Alicia said...

This evidence is really eye-opening. Depressingly, if there is a medical need, that means that the baby is more vulnerable to begin with, so it would seem that the ultrasounds would really cause more harm than good.

Anonymous said...

Nonsense. I'm all for having as few as possible, but do I really want to have a kid with down syndrome or some crazy developmental disease? No. So at least the ultrasounds give us a way to see these things before birth!

Donna Ryan said...

If I made a comment like the one above, I'd post anonymously too. That's a fine thing to say, my friend. Would you also abort a baby with a cleft palate/lip or club foot? Trying to have the perfect baby, are you? Good luck with that. Some things are better kept to yourself.

Carol said...

I have been reading your blog the last few days. (Got From Bellies and Babies I do believe) anyway I have been thinking about this for the last few months on and off. What I would do when we get pregnant with #2. I Decided I wasnt going to have the 20 week ultrasound to decide the sex. It doesnt change the outcome and whats really the point? And that I would maybe get one at 12 weeks to make sure we werent having twins. (We would need to be prepared for that) But then after reading all 3 of your ultrasound posts(I posted the link to the Autism one at one of the boards I frequent) I have decided there is really no need. Unless my midwife believes there is a serious need. I have no serious need. (Although some homebirth midwifes dont do multiples so if I was measuring big they might want to find out.) Anyway I love your blog and will continue to follow it.

Leanna said...

Thank you so much for this information! It makes me so glad that we went without any ultrasounds per our midwife's recommendation. During the pregnancy, I felt slightly nervous, but I prayed those feelings away. I got to have an all natural home birth when we welcomed our healthy 9 lb 8 oz baby boy on his due date and was overjoyed that even though we didn't partake in the "magic" of ultrasounds, not a thing was "wrong" with him.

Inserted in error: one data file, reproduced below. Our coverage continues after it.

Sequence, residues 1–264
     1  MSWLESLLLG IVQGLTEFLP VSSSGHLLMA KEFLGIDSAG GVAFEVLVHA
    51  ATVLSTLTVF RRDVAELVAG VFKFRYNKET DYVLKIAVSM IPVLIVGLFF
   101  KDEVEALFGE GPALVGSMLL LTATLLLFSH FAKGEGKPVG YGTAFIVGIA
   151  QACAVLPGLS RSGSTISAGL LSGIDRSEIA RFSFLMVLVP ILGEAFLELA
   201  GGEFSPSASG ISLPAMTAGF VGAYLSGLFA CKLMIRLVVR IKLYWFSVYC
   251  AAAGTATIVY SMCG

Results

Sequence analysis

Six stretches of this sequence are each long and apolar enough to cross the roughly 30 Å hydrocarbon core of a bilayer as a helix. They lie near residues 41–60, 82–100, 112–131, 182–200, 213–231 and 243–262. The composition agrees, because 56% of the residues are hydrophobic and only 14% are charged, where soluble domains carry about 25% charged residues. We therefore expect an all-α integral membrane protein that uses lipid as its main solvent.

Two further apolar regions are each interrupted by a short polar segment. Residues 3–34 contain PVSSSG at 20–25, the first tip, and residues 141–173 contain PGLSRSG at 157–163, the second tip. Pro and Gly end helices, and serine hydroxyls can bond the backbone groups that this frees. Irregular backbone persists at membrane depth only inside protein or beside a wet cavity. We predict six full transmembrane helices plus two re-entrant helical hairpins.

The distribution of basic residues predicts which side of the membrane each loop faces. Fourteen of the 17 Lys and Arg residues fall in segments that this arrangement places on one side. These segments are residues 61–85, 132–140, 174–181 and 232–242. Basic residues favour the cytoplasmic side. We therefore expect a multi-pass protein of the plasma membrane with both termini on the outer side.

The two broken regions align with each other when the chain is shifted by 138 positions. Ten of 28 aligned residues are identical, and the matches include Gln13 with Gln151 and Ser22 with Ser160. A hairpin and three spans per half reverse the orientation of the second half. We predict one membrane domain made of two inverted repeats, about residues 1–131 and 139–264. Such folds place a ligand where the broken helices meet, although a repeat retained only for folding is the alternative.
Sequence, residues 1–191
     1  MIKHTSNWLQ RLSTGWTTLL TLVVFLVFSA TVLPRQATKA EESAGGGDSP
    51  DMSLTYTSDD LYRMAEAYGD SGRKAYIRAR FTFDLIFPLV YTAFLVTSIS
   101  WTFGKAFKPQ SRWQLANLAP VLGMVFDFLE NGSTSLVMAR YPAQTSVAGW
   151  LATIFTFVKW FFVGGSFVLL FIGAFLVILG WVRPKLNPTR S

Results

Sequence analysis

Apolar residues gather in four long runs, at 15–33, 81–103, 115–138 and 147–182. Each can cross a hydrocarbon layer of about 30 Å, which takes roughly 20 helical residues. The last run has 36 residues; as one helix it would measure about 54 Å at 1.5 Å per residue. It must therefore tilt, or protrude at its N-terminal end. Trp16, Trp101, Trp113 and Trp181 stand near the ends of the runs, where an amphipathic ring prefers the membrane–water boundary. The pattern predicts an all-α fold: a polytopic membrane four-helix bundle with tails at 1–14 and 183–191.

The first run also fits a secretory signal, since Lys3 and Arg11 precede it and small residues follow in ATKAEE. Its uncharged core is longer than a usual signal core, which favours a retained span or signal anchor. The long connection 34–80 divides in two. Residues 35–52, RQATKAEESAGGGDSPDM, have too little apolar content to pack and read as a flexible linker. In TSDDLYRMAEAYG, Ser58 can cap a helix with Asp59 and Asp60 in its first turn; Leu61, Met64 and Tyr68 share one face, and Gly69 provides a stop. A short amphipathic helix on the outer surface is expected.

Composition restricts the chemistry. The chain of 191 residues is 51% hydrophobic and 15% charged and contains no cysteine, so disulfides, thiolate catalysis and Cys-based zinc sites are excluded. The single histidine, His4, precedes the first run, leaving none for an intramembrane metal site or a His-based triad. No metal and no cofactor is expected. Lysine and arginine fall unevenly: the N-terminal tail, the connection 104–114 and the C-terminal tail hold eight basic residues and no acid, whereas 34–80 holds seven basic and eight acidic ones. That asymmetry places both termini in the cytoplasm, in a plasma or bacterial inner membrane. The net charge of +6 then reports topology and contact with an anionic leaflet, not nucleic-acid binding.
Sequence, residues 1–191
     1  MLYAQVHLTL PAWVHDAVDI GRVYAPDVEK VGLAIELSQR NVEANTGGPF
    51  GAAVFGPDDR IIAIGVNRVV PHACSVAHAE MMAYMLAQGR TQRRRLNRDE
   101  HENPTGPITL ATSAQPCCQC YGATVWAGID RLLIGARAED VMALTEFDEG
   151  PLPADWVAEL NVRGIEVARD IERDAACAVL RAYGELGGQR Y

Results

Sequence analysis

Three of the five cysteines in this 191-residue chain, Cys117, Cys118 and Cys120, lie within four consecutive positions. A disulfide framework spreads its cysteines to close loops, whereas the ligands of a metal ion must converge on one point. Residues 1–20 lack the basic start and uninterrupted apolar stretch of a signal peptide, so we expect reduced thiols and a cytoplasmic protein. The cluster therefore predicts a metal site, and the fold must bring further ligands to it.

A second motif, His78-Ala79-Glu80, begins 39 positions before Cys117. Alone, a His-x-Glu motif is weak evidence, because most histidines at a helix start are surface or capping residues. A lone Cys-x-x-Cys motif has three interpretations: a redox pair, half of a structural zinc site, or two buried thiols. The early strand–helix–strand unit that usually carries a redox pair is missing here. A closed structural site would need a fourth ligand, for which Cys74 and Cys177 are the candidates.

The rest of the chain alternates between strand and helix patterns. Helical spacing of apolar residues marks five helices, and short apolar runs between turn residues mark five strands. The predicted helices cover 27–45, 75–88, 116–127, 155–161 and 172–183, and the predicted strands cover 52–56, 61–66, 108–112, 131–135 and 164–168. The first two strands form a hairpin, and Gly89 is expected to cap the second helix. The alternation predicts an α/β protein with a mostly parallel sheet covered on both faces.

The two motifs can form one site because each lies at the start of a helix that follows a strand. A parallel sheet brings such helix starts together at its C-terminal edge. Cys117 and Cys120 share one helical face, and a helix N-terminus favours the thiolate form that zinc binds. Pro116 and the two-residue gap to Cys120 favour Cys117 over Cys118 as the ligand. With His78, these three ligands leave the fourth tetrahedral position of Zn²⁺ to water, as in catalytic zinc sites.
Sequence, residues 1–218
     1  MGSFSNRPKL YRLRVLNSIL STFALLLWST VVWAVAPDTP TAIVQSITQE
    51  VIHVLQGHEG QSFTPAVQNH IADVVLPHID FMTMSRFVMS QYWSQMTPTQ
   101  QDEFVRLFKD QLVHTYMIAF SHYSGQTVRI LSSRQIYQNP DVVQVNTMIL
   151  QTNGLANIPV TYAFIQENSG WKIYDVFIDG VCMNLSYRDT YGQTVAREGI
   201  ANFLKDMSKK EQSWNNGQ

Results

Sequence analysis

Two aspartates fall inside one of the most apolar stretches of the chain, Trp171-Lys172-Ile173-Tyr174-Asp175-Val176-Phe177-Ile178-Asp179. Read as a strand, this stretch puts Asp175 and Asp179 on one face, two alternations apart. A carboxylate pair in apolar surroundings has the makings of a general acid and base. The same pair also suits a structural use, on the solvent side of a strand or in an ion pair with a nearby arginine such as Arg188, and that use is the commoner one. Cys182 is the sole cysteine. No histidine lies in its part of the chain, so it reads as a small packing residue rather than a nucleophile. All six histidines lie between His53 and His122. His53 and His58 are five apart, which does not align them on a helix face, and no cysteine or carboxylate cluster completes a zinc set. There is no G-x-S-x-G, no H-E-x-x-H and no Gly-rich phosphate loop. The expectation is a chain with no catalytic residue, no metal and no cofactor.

Somehow, even after that, I have been thinking about having an ultrasound during my next pregnancy. (I have no idea why I would want to.) After reading this, however, I KNOW that I don't need them or want them. So, thank you!

Anonymous said...

Yale University is doing research with fetal mice. During ultrasound their frontal lobe brain cells actually migrate to the back of the brain! As a Speech Pathologist who works with children diagnosed on the Autism Spectrum, I am anxious for researchers to find the answers. I personally feel this may be one of many environmental causes of autism. I encourage young women I know to resist the medical personnel who use ultrasound to lower their own risks of medical malpractice suits.

AnonymousAbortionMe said...

If ultrasound can be used to kill sperm (a method of male contraception) then should we be surprised that it can damage a fetus?

Ps - In response to what you said to Anonymous, she never said anything about abortion! Some families can be better emotionally etc prepared for their DS baby if they know about it via ultrasound mid-pregnancy.